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Former ASO evidence tech acquitted of theft charge

The Gainesville Sun,
BYLINE: Chad Smith Staff writer
Link to Article

Alachua County, FL

Charles Smith listens to testimony during his trial at the Alachua County Criminal Justice Center Thursday. He was found not guilty of theft. Doug Finger/The Gainesville Sun

A jury on Thursday found a former Alachua County Sheriff's Office evidence technician not guilty on the charge that he stole thousands of dollars in cash from the agency's evidence room in 2010.

Charles Allen Smith, 27, had been fired from the Sheriff's Office, where his father used to work as a deputy, after he was charged with stealing $14,124 that was being held in the evidence room for three separate Waldo Police Department cases.

It took the jury of three men and three women about a half-hour to acquit Smith, who cried alongside family members after the verdict was read.

The state's evidence against Smith was all circumstantial.

He was one of the three evidence technicians with access to the high-profile section of the evidence room, where the money was being stored.

He had a history of money issues, but around the time of the theft, he was the only one of the three to have an “influx” of cash, as Assistant State Attorney Marc Peterson described it.

He also put down about $6,000 in cash for a used Jeep and a pull-behind camper.

He also admitted to lying to his boyfriend about where the money came from, saying it had been a lump payment from the Sheriff's Office to settle his worker's compensation claim.

In fact, he had been getting bi-weekly payments of about $270 for about a year and never did get a lump payment from the agency.

On the stand, Smith, who was hired by the agency in 2005, said he had been cashing those checks and saving them in a safe, though he never told his boyfriend. That money is what he said he used to buy the vehicles.

He said he never handled the money from the Waldo cases.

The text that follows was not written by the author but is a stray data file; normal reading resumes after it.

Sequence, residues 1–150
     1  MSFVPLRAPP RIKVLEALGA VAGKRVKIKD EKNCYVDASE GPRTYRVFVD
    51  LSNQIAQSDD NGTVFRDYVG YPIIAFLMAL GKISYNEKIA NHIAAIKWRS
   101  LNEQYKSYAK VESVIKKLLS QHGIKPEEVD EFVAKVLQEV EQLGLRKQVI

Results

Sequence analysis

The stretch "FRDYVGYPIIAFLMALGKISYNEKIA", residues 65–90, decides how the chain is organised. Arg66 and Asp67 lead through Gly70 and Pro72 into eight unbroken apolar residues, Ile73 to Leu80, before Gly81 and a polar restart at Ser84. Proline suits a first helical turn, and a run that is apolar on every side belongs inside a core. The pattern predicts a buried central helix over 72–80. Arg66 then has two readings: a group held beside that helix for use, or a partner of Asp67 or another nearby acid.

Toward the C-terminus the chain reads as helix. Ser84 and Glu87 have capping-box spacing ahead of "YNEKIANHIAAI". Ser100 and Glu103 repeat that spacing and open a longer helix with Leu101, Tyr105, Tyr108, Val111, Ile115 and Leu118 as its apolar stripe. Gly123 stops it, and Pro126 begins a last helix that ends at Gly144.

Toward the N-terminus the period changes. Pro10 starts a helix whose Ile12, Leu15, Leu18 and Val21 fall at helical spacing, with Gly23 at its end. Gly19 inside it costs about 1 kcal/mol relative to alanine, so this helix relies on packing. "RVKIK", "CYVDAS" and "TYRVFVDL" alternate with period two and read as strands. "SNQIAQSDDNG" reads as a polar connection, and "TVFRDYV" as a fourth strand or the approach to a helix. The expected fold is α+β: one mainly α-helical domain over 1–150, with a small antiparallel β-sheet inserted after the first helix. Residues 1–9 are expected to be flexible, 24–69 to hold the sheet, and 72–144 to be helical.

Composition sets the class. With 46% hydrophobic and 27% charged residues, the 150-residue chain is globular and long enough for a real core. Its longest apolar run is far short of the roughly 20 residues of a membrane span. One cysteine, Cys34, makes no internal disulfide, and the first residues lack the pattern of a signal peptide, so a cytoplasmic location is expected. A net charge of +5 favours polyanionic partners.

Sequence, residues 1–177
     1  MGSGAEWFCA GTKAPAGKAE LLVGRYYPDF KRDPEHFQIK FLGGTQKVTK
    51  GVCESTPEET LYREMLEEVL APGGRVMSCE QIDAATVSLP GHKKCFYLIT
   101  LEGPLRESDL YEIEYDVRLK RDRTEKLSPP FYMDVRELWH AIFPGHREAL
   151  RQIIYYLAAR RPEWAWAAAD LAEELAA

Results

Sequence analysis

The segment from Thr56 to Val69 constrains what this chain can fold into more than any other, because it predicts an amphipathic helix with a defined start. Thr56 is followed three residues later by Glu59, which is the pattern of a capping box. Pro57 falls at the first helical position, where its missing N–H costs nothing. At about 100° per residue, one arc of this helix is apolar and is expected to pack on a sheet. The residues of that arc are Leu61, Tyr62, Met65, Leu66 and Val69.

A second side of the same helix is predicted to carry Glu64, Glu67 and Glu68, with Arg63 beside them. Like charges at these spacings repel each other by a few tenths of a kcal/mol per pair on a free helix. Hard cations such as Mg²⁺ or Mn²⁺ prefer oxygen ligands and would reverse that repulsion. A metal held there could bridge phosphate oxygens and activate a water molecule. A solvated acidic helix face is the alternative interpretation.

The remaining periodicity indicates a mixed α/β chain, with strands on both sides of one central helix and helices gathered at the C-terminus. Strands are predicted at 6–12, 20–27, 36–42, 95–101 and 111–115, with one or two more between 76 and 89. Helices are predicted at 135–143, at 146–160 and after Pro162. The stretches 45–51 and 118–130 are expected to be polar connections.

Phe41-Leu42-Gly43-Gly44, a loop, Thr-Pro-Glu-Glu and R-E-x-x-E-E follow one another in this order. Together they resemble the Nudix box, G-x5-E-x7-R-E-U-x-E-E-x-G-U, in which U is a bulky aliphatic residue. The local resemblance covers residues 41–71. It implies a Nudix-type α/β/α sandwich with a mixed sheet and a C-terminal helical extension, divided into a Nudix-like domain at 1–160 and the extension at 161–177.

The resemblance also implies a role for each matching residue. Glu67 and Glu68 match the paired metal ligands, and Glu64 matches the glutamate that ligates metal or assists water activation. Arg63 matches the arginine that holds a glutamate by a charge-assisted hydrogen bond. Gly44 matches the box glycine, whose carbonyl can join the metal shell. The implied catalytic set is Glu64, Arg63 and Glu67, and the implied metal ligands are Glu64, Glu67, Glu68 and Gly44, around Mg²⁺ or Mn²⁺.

His attorneys, Gloria Fletcher and Therese Truelove, showed there were a number of issues at the Sheriff's Office evidence room, including a faulty door guarding the section where the Waldo money was stored, and an audit that showed hundreds of items were unaccounted for.

They said the state couldn't prove where their client got the money, adding there was no physical evidence to tie Smith to the theft.

“It has merely proved that this money can't be found at the Alachua County Sheriff's Office,” Truelove told Circuit Judge Stan Morris after making a motion for him to acquit her client, which he ultimately denied. “Suspicion, your honor, is not enough.”

An internal investigation conducted after the money was found to be missing showed the evidence staff routinely breached policy by intentionally forging dates in the chain of custody used to protect the integrity of evidence by documenting who had it and when.

Smith was fired, while Marie Knowles, the evidence supervisor, resigned during the investigation.

Sheriff Sadie Darnell determined two others investigated in connection with problems in the evidence room, part-time evidence custodian Tommie Raulerson and support bureau chief Diana Jacobs, had done nothing wrong.

Fletcher found that hard to believe, calling her client a “scapegoat” after the verdict was read.

“Not a one of them could put the evidence in his hands,” Fletcher said of the witnesses called in the two-day trial.

She, like other defense attorneys in Gainesville, also criticized the Sheriff's Office for how slow supervisors were to react to the issues in the evidence room.

“That can't happen,” she said, “because the most important thing you have is evidence.”

Peterson, the prosecutor, said it was a good tactic for the defense to raise the issues that were going on in the evidence room, but noted during the trial that less than a half of 1 percent of items in the inventory weren't where they should have been — a pretty good record, he said.

He also said it didn't make sense that Smith would keep all that money in a safe, yet live paycheck to paycheck every month — sometimes ending with a negative balance.

But Peterson wasn't able to prove that the money he paid for those vehicles didn't come from the worker's compensation case.

“It's a convenient excuse,” he said. “I don't know if I buy it.”

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